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  • The "Poverty Stoplight" Approach to Eliminating Multidimensional PovertyBusiness, Civil Society, and Government Working Together in Paraguay
  • Martin Burt (bio)

Innovations Case Narrative:
Fundación Paraguaya

Over the past few years, my team at Fundación Paraguaya (a 28-year-old nonprofit development organization that works in Latin America and Africa) and I have been developing a practical methodology and tool that allows poor families to self-diagnose their level of poverty as a first step in developing a personalized strategy to lift themselves permanently out of poverty. We call it the "Poverty Stoplight" approach to eliminating multidimensional poverty. Our tool uses stoplight colors (i.e., red, yellow, green), photographs, maps, electronic tablets, and simple software to create innovative maps that enable the poor to see and understand the ways in which they are poor. The methodology and tool also allow businesses, nonprofits, and governments to support families' efforts to pull themselves out of poverty in efficient, targeted ways. Our 20-minute visual survey methodology simplifies gathering data on poor families while encouraging and facilitating a focus on the gaps these families need to close to overcome their various poverty-related challenges. Not only the poor stand to benefit from this social innovation; governments and other actors in the field, such as businesses and social-minded software developers, can benefit as well. This tool also can be useful and cost effective for microfinance institutions that are in the business of fighting poverty but often find it difficult to address the chronic social problems affecting their clients.

Epiphany

In December 2008, right after the evening graduation ceremony held at our self-sufficient agricultural high school in rural Paraguay, I witnessed an event that would change the way I thought about development and social change. On the [End Page 47] school patio, under the mango trees and surrounded by classrooms and dorms, the 50 students had, on their own initiative, set up a gala dinner: 50 tables were covered with white cloths and set with wine glasses, silverware, and plates for the main course and bread. Led by valedictorian Liz Marina Gonzalez, the students, their parents, and their guests promenaded out of the chapel where the graduates had received their high school diplomas, while the master of ceremonies asked the public to sit at designated tables. As the afternoon gave way to a pleasant summer evening, the recently graduated students appeared wearing dark suits and long dresses. The loudspeakers began playing a waltz, and the students walked to their parents and invited them to dance.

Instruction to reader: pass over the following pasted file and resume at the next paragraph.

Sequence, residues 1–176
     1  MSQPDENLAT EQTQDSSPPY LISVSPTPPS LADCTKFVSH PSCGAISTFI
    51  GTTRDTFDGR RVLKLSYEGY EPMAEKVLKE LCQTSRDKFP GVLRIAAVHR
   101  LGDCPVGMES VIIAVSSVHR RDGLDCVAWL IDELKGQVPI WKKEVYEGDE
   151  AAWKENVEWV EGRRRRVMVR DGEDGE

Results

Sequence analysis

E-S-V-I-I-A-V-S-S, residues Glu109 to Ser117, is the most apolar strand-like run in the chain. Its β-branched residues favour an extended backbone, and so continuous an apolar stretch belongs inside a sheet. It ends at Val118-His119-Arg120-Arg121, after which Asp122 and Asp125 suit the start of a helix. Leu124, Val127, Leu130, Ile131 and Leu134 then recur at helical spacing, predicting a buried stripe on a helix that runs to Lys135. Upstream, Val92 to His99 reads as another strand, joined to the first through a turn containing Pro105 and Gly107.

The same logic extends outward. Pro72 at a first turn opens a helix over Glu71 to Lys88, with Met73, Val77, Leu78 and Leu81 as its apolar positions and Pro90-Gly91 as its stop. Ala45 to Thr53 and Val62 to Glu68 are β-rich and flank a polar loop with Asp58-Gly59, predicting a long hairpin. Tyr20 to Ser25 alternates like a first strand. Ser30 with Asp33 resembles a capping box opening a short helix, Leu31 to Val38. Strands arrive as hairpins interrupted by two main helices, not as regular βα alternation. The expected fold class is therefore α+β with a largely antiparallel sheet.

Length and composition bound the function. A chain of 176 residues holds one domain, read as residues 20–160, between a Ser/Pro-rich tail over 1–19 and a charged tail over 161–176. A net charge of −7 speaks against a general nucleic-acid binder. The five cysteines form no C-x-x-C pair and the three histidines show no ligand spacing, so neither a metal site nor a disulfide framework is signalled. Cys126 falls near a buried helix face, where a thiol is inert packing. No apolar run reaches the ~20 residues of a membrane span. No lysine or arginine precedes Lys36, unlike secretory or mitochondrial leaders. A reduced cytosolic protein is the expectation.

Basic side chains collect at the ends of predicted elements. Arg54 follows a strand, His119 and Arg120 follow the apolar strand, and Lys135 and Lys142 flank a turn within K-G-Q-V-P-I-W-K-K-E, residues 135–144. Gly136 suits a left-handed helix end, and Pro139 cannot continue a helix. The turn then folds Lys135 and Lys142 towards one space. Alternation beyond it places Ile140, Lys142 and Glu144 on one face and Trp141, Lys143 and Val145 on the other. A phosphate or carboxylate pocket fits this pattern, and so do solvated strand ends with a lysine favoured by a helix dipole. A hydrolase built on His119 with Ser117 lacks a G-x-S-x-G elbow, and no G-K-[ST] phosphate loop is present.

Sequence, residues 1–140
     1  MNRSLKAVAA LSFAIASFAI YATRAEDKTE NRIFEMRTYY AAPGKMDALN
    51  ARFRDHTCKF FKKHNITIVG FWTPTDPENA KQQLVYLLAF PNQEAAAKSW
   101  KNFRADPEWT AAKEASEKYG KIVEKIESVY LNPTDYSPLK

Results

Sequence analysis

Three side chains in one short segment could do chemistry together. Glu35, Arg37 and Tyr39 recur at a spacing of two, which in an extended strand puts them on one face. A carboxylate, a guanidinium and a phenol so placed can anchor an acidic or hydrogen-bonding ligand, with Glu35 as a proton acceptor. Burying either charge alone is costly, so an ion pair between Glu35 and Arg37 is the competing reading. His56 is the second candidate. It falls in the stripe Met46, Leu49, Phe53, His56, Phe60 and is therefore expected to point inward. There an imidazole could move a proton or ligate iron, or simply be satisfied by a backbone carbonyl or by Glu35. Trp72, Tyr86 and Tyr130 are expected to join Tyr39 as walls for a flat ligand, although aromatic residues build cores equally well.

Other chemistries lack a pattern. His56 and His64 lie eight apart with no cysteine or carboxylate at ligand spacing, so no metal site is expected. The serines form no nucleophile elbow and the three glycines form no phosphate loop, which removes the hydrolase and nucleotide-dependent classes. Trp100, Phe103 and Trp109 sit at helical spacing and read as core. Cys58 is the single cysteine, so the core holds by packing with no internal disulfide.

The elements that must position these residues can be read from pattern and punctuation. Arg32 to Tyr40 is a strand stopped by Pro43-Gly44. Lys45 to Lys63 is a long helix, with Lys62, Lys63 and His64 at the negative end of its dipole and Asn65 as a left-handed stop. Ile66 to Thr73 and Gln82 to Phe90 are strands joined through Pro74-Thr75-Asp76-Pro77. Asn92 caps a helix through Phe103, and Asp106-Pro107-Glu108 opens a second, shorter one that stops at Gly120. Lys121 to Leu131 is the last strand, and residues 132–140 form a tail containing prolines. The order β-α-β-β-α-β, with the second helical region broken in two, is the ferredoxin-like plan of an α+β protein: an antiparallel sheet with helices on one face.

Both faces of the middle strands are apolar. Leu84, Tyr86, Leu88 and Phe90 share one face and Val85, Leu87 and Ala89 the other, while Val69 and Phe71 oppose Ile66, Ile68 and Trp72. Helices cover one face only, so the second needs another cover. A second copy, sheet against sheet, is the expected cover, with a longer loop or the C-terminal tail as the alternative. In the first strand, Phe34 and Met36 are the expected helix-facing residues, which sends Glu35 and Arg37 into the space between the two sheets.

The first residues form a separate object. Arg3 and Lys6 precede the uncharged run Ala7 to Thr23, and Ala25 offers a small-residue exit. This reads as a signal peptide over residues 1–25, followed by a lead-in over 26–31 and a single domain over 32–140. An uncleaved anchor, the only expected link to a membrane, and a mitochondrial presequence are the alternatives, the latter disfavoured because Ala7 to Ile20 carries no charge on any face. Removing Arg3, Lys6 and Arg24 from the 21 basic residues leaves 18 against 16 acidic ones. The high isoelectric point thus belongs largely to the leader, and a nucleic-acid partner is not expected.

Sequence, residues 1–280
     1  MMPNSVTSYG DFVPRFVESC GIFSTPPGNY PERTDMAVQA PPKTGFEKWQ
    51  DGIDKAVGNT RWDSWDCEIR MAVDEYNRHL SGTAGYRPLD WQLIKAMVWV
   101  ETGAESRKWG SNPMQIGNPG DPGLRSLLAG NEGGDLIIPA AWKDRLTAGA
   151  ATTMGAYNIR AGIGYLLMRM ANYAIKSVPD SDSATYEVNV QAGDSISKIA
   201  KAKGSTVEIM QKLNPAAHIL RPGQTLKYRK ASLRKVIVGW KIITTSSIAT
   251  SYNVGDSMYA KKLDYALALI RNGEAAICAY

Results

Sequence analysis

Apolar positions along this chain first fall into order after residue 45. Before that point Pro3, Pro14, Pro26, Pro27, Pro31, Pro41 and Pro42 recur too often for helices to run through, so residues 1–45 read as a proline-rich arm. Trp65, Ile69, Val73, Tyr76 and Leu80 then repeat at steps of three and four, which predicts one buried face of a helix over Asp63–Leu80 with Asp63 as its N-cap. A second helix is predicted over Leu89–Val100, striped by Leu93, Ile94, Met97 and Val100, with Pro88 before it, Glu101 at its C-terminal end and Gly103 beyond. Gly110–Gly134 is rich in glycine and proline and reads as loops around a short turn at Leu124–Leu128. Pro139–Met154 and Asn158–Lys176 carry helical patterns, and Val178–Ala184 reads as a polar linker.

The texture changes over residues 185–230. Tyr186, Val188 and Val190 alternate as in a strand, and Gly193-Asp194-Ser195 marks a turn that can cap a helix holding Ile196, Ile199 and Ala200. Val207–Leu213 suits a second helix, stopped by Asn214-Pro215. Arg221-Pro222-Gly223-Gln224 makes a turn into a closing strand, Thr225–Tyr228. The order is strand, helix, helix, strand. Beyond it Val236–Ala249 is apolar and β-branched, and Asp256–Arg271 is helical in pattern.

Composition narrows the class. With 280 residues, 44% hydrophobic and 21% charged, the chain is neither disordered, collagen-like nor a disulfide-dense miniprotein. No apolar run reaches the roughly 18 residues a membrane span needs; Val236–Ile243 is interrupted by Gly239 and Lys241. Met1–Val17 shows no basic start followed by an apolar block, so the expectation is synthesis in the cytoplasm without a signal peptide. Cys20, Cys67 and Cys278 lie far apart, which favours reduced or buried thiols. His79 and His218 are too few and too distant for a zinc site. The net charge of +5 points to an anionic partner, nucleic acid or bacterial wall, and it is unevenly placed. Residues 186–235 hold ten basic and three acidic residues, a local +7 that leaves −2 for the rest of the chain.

As strains of "The Blue Danube" waltz surrounded us, I couldn't help but think how far these students had come. Most of them had arrived at our school essentially barefoot and hungry merely three years earlier, cashless and owning only the clothes on their backs. Most had barely finished ninth grade in a precarious rural school. Now they were performing ("mimicking" is probably a better word) a typical middle-class tradition in Paraguay, turning a graduation celebration into a prom. Of course, no one on the floor that evening—neither the students nor their parents—had ever participated in such an event before. Most likely they had seen something similar on Paraguayan TV or in the Sunday paper.

But there they all were, dancing in formal dress. Liz Marina, who graduated first in her class and would become first a teacher at the Curuguaty Agricultural School and then an agricultural extension agent for the Ministry of Agriculture and Livestock, danced with her father. Maricel Merlo, who had arrived penniless three years earlier from the San Pedro region and would become a microfinance and "village bank" microcredit advisor after graduation, danced with her brother. Sebastian Escobar, a member of the indigenous Enxlet tribe, who would return to his community and develop his family's farm, danced with his mother.

These were a group of extraordinary achievers born to poor farmers. If there is one precondition to being poor in a country like Paraguay, it is to be born a campesino, or rural peasant. Being an adolescent girl or a member of a native indigenous community practically ensures this outcome. And yet, these young people had overcome the...

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Additional Information

ISSN
1558-2485
Print ISSN
1558-2477
Pages
pp. 47-67
Launched on MUSE
2013-10-31
Open Access
No
Archive Status
Archived
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